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Grinstead v. Warden

United States District Court, S.D. Indiana, Terre Haute Division

November 7, 2018

JERRY RAY GRINSTEAD, Petitioner,
v.
WARDEN, Respondent.

          ENTRY DISCUSSING PETITION FOR A WRIT OF HABEAS CORPUS AND DENYING CERTIFICATE OF APPEALABILITY

          Hon. William T. Lawrence, Senior Judge

          Petitioner Jerry Ray Grinstead brings the instant petition for a writ of habeas corpus pursuant to 28 U.S.C. § 2254 challenging his Indiana convictions for murder, theft, and other related crimes. For the reasons explained below, his habeas petition must be denied as untimely. In addition, the Court concludes that a certificate of appealability should not issue.

         The Petition for a Writ of Habeas Corpus

         I.

         Background

         Mr. Grinstead was convicted of murder, theft, and other related crimes, and he was sentenced to a total term of 108 years. His convictions were ultimately affirmed by the Indiana Supreme Court on July 22, 1997. See Grinstead v. State, 684 N.E.2d 482, 483 (Ind. 1997) (''Grinstead I").

         Mr. Grinstead filed a pro se petition for post-conviction relief on February 4, 2000. His post-conviction petition was denied, but the Indiana Court of Appeals reversed on September 23, 2004. It concluded that trial counsel provided ineffective assistance and ordered a new trial. The Indiana Supreme Court granted the State's petition to transfer. It held that trial counsel did not provide ineffective assistance, but that appellate counsel did by failing to raise an available Double Jeopardy claim regarding Mr. Grinstead's theft conviction. See Grinstead v. State, 845 N.E.2d 1027, 1038 (Ind. 2006) (''Grinstead II''). Mr. Grinstead's theft conviction was vacated, but his murder-related convictions remained.

         On October 13, 2017, Mr. Grinstead filed in state court a motion for authorization to file a successive post-conviction petition. His request for authorization was denied on December 17, 2017.

         Mr. Grinstead filed the instant petition for a writ of habeas corpus with this Court on January 18, 2018.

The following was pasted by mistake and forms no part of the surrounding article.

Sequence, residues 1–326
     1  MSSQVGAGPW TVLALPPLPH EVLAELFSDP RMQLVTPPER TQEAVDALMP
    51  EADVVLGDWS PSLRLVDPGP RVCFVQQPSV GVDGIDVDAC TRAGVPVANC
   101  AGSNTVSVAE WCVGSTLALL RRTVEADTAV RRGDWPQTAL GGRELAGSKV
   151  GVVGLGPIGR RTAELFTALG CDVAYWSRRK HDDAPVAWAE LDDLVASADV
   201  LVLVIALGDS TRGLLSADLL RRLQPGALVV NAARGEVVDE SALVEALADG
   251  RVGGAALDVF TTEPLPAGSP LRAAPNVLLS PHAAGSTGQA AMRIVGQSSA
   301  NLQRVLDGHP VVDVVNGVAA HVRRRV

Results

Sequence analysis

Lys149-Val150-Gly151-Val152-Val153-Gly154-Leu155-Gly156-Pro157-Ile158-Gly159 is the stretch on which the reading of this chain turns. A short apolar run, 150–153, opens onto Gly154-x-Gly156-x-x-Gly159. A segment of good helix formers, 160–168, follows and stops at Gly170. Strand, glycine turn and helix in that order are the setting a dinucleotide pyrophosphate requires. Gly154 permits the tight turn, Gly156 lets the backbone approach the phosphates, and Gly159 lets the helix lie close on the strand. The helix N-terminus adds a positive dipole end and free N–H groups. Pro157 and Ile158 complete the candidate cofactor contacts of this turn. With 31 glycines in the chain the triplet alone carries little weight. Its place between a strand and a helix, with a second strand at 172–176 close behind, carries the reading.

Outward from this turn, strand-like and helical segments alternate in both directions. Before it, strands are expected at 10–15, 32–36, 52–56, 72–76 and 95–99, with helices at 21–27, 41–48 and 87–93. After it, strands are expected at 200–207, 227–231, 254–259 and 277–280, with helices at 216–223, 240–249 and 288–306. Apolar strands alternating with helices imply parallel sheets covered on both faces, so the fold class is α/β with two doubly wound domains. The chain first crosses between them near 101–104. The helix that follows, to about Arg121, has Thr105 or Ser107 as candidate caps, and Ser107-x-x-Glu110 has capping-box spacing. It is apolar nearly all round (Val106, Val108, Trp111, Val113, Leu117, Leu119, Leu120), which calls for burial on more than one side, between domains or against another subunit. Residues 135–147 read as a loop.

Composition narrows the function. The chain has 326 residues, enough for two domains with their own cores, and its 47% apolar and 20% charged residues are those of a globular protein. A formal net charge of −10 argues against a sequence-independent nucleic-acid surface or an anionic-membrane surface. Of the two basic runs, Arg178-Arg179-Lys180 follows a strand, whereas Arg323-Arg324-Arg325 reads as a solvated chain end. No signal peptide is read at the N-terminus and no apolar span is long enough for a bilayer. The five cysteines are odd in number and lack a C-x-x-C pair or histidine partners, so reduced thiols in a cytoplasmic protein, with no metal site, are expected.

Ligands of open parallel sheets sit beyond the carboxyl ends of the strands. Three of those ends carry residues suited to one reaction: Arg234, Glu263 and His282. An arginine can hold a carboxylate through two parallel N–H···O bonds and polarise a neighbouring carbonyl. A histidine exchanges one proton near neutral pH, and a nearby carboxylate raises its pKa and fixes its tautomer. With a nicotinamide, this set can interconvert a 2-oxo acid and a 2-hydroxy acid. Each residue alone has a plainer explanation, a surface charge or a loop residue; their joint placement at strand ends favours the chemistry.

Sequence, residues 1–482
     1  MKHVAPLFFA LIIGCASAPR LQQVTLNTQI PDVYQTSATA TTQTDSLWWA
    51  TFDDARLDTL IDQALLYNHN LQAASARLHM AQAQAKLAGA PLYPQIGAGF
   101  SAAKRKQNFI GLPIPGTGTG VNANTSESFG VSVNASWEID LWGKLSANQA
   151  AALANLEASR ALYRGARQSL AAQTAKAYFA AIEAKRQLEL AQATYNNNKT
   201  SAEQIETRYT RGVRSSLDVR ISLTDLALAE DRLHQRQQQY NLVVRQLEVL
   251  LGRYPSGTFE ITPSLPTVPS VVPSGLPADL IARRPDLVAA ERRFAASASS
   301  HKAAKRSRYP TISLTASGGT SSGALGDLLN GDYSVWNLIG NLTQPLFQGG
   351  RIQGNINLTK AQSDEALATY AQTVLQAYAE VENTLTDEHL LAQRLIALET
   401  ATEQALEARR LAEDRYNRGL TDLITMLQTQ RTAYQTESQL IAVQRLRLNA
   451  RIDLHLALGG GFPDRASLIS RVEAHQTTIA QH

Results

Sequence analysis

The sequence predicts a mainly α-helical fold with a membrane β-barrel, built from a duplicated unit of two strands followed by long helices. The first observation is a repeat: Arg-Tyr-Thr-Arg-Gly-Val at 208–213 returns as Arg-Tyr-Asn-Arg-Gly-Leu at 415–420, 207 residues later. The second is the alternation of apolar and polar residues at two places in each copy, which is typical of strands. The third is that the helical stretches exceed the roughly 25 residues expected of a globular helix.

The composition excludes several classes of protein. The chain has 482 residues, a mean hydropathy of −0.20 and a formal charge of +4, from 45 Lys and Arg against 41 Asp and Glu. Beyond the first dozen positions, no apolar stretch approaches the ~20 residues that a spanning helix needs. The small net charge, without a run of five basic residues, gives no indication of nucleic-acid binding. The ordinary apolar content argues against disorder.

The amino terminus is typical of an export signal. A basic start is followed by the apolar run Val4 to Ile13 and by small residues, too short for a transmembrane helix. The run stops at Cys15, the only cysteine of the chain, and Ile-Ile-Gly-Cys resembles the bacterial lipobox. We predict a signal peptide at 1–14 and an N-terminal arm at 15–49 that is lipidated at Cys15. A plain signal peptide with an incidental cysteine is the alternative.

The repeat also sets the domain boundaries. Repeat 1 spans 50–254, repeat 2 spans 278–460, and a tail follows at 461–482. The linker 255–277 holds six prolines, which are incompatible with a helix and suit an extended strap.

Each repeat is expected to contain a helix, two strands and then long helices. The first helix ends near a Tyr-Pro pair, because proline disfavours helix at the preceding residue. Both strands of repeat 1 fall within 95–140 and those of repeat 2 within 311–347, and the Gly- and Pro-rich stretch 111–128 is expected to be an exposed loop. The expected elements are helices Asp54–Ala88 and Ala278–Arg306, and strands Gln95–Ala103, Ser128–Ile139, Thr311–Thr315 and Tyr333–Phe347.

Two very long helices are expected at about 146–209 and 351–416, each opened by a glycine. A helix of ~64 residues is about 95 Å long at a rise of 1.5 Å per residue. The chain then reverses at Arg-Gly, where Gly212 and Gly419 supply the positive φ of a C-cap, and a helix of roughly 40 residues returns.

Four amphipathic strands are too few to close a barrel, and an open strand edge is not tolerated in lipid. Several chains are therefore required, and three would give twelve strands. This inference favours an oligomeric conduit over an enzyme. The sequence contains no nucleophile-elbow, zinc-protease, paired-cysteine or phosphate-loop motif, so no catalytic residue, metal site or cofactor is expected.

II.

         Discussion

         Mr. Grinstead raises several challenges to his remaining convictions in his habeas petition. The respondent argues that Mr. Grinstead's habeas petition must be denied as untimely. The Court concludes that Mr. Grinstead's habeas petition is untimely and must be dismissed with prejudice.

         Habeas petitions brought pursuant to 28 U.S.C. § 2254 are subject to a one-year statute of limitations. See 28 U.S.C. § 2244(d). The one-year period "runs from the latest of four specified dates" in § 2244(d). Gonzalez v. Thaler, 565 U.S. 134, 148 (2012) (citation and alterations omitted). Applicable here is § 2244(d)(1)(A), which states that the one-year limitations period runs from "the date on which the judgment became final by the conclusion of direct review or the expiration of the time for seeking such review." 28 U.S.C. § 2244(d)(1)(A); see Gladney v. Pollard, 799 F.3d 889, 894 (7th Cir. 2015). This leaves two options for when a judgment becomes final. "For petitioners who pursue direct review all the way to th[e] [United States Supreme] Court, the judgment becomes final. . . when th[e] [United States Supreme] Court affirms a conviction on the merits or denies a petition for certiorari." Gonzalez, 565 U.S. at 150 (quotation marks omitted). "For all other petitioners, the judgment becomes final. . . when the time for pursuing direct review in th[e] [United States Supreme] Court, or in state court, expires." Id. (quotation marks omitted). "The one-year clock is stopped, however, during the time the petitioner's 'properly filed' application for state postconviction relief 'is pending.'" Day v. McDonough, 547 U.S. 198, 201 (2006) (quoting 28 U.S.C. § 2244(d)(2)).

         As noted above, on July 22, 1997, the Indiana Supreme Court affirmed Mr. Grinstead's direct appeal. See Grinstead I, 684 N.E.2d at 483. He did not file a petition for certiorari with the United States Supreme Court, so his conviction became final when the time for doing so expired. See Gonzalez, 565 U.S. at 150. Rule 13 of the Rules of the Supreme Court of the United States provides ninety days after the entry of judgment to petition ...


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